“Oh. Well. Nice to see you again.” She gave him a little smile, the kind people gave to relatives they tolerated only because of the DNA connection, then turned away. The little basket on her arm was filled with a single package of chicken, a single loaf of bread and four of those frozen dinner things. It screamed alone on a Sunday night.
Something in his chest caught. The same thing that had caught inside him the first time he saw her, six months ago, when Olivia had brought her sister over to Luke’s for a barbecue. The same thing he’d ignored when he’d walked out of her house a few weeks later. He ignored it now, because if there was one thing Mike sucked at, it was the whole settling down, being responsible thing.
Case in point: Thing One and Thing Two.
Ellie marched up to Diana and raised her chin. “Are you a friend of my daddy’s?”
Diana gave Ellie a smile and bent at the knees to match Ellie’s eye level. Diana’s skirt danced against the tile floor, like a garden bursting from the dingy gray tile. “Sort of a friend.”
Four words that didn’t even begin to encapsulate the hot fling they’d had a few months ago. But he wasn’t going to explain that to his preschool daughter.
“Do you fly big he-wa-coppers, too?” Ellie asked.
Diana laughed. “No, I’m a veterinarian. Do you know what that is?”
Ellie nodded, a proud wide smile on her face. “A puppy doctor.”
“Exactly. Do you have a puppy or a kitty?”
“Nuh-uh.” Ellie shook her head and thrust a thumb into her mouth. She was still doing that? Mike thought Jasmine had said Ellie quit sucking her thumb a year ago. “I wanna see one. Can we go now?”
“Well…” Diana shifted her weight, and shot Mike a glance.
“I wanna see one now.” Ellie crossed her arms over her chest, strangling the bear.
“Ellie, I don’t think that’s a good idea,” Mike said.
She ignored him and lifted her chin toward Diana. “How’s come I can’t go? Aren’t you Daddy’s friend?” She popped her thumb back in her mouth.
The question hung in the air for a moment. The Muzak shifted from a jazz version of a Beatles song to a peppy instrumental.
Diana flashed Mike a look he couldn’t read, then gave Ellie a patient smile. “Well, maybe someday you can visit the place where I work. We have a cat in the office who just had kittens. And they love to play and cuddle.”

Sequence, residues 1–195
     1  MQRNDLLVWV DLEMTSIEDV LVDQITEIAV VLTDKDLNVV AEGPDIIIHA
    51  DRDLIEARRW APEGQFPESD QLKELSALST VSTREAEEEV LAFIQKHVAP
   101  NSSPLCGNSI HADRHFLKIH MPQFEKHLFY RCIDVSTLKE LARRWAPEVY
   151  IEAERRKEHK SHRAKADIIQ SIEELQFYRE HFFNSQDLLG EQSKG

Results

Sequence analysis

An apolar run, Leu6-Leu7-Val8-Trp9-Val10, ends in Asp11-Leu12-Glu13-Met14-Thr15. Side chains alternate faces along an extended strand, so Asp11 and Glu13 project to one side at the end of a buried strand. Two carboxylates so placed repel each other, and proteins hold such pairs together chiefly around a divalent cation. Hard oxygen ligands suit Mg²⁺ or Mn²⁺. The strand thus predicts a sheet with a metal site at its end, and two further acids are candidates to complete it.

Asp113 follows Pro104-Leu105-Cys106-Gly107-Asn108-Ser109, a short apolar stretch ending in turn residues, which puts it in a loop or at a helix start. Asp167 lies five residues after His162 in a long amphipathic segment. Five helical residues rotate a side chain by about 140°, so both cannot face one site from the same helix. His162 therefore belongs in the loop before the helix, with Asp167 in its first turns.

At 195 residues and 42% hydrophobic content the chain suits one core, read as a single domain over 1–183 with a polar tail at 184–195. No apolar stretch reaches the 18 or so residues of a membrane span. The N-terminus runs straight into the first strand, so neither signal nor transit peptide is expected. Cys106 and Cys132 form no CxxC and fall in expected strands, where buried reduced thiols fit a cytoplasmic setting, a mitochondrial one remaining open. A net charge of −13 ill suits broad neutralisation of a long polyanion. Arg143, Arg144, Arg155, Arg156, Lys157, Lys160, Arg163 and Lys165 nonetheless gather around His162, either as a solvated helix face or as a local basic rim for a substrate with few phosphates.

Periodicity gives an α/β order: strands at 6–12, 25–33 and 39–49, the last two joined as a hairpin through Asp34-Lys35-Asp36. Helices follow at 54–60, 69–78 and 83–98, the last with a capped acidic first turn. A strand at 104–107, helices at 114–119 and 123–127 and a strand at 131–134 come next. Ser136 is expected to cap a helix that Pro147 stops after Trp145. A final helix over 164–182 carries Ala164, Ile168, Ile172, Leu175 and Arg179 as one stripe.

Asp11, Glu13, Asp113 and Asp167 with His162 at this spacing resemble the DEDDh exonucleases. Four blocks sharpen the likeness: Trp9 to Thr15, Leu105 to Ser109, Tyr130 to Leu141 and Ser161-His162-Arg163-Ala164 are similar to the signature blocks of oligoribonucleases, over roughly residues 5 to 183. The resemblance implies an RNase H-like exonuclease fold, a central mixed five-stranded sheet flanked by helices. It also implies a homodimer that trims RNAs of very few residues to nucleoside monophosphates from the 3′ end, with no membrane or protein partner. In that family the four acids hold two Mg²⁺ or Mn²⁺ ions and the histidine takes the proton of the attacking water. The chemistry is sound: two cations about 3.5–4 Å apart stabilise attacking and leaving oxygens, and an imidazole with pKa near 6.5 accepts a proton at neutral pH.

The thumb popped out. “Can my Daddy come?”
The smile on Diana’s face became a grimace. “Sure.” Though she said the word with all the enthusiasm of someone volunteering for a colonoscopy.
“If I come ova there, can I have a kitty?”
Diana glanced at Mike, then back at Ellie. “Well, your mommy or daddy has to say yes first.”
“Neva mind. I don’t wanna see any stupid kitties.” Ellie’s face fell, and the thumb went back in her mouth.
Mike glanced at Jenny, but his eldest daughter had turned away. What was that about?
“It was nice to meet you, Ellie,” Diana said. “I—“
“I don’t wanna talk to you anymore.” Ellie spun toward her sister, and clutched the teddy bear tighter.
Mike cringed. “Sorry,” he said to Diana. “She’s…temperamental.”
A wry grin crossed Diana’s face and she straightened. “I have a fifteen-year-old, remember? He makes temperamental a sport.” She let out a little laugh, and for a second, the tension between them eased.
Mike remembered Diana’s son. Good kid, overall. “How is Jackson?”
“Fine. Thanks for asking.”
Just like that, the ice wall returned. He should be glad. He should get the hell out of here, and put Diana out of his mind. He should do a lot of things, but didn’t do any of them. Because he couldn’t stop staring at Diana’s legs and wondering why she was so dressed up. “You, uh, headed to work?”
Lame, lame, lame. But there didn’t seem to be a good way to say, hey, I know I have no right to know, but you going out on a date?
“Daddy? I’s hungry,” Ellie said.
“I better let you get back to your shopping,” Diana said. A polite but firm stay out of my business.
Why the hell did her dismissal bother him so much? He had more than enough on his plate right now. An ex-wife who had run out of town, leaving him with kids that were more like strangers. A career that was hanging by a thread. And then there was his father—
A topic Mike didn’t even want to think about, never mind deal with. The last thing he needed to add to that mix was a stubborn veterinarian who made his head spin and wanted things from him that he had no business giving. Diana Tuttle was a settle down, make a family, live in traditional lines woman. Mike was…not. At all.
“Daddy! I want ice cream! Now!” Ellie stomped her feet and made her mad face. “I’s hungry and you promised!”
Case in point.
“We have to finish shopping first, El, then we can get—“
“Now!” The word exploded in one over-the-top Mount Vesuvius demand. Thirty days, he told himself, thirty days, and then Jasmine would be back and he’d be free to return to Alaska.